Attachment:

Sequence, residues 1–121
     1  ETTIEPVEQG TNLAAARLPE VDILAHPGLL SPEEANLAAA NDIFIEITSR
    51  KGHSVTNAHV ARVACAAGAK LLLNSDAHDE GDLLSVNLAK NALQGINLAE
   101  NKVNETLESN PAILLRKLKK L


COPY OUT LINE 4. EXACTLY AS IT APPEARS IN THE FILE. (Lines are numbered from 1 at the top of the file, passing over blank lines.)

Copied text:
   101  NKVNETLESN PAILLRKLKK L